Some thoughts on switching to Pulumi

2022-08-01 5 min read Devops Quick Tips
I’ve become very comfortable with Terraform over the past several years of my career. So of course, the company wants to switch from Terraform to Pulumi, a newer competitor with a very different outlook on how IAC should be written. Prerequisites Terraform uses declarative code for IAC — you declare what you want to exist, and it generates the path to get there itself. Pulumi is much the same, however, while Terraform is written in Hashicorp Configuration Language which boils down to a bunch of static json-like declarations, Pulumi code is written in any of a number of turing-complete programming language. Continue reading

Dockerization Part 3: Deploybot

2018-02-01 12 min read Devops
One of the key components to making a good integration between products is understanding the mental model of each product. What one product calls a “counter” another could call a “metric” or a “stat”, for example; or worse, one product could be reporting, say, the amount of free memory, while another is reporting the percentage. The same goes for integration points between teams. When I built our previous release pipeline, I discovered very quickly that while developers were comfortable talking about repositories, operations thought in terms of applications, and neither knew nor cared how many moving parts went into a single app so long as it was all on a server together. Continue reading

Dockerization Part 2: Deploying

2018-01-20 7 min read Devops
Now that we have containers, we need to push them to our subprod environments so they can be tested. Bear with me, this is where things get a little complicated. Docker Setup Most people take the easy way out when they move to docker: they ship their containers to the cloud and let someone else manage the installation, upgrades, and maintenance on the docker hosts. We don’t do things the easy way around these parts, though, so we have our own server farm: a series of VMs in our datacenter. Continue reading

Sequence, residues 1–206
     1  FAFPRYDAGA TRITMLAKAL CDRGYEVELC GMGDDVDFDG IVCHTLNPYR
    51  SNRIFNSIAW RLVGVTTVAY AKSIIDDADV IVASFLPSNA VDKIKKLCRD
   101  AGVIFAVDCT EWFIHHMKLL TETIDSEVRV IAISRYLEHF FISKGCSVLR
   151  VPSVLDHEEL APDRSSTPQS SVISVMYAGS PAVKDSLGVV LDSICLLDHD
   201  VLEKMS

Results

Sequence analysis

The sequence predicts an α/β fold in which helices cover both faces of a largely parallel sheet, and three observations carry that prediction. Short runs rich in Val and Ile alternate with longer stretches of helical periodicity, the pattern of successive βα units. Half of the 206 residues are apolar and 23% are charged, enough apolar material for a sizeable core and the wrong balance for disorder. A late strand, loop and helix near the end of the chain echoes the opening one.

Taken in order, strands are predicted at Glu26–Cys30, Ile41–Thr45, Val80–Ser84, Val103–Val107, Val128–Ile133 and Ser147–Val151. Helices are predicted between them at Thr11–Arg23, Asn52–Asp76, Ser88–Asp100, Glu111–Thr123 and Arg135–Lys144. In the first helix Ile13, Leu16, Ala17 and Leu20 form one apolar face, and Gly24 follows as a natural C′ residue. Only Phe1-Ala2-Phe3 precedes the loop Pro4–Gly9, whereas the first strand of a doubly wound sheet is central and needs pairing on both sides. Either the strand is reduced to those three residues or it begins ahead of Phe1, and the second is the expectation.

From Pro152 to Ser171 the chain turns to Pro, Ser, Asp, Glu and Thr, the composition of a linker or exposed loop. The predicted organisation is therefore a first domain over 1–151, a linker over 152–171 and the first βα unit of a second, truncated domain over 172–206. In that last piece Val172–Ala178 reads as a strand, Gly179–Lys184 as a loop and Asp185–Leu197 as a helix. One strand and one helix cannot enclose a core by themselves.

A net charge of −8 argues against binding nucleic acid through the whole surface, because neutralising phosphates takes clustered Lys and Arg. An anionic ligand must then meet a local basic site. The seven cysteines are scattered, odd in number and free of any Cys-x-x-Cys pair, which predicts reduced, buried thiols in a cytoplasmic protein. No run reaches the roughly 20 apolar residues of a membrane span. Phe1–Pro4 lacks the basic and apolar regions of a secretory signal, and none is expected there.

CI with Jenkins for Javascript: Part 3: Scheduling and reporting

2014-12-01 6 min read Longer Tales Javascript Workplace Tales
In Part One, we set up a Jenkins server and some unit testing. In Part Two, we added some static analysis tools to our build. But we’re still manually running all this, even if it’s all tied together now. Let’s talk about some of the features Jenkins brings to the table. Building automatically Our code release pipeline is going through some revisions to make better use of branching, so I have the good fortune of being able to detail for you two different build strategies for two different types of branching strategies. Continue reading

CI with Jenkins for Javascript: Part 2: Static Analysis

2014-11-15 7 min read Longer Tales Javascript Workplace Tales
Part one So. We’re up, we’re unit testing, we’re publishing results. But unit testing is only as good as the tests themselves, and that depends heavily on the programmers’ ability to write good tests. Maybe we want more than that. Maybe we want a metric that isn’t essentially self-reported. Maybe we want static analysis. What is Static Analysis Static Analysis is a category of testing techniques that covers any metric of code that can be collected without executing the code. Continue reading

CI with Jenkins for Javascript: Part 1: Unit Testing

2014-11-01 6 min read Longer Tales Javascript Workplace Tales
In a lot of ways, the Javascript world feels like it’s trapped in the year 2k: the dot com bubble is swelling huge, and nobody has time for best practices, it’s time to reinvent everything and strike it rich. As an SQA professional, it’s immensely frustrating to outline a technique and be told “Javascript doesn’t do that.” (That’s one of three answers that ought to be banned from a webdev’s vocabulary; the other two are “I think jQuery does that” and “Maybe with Node? Continue reading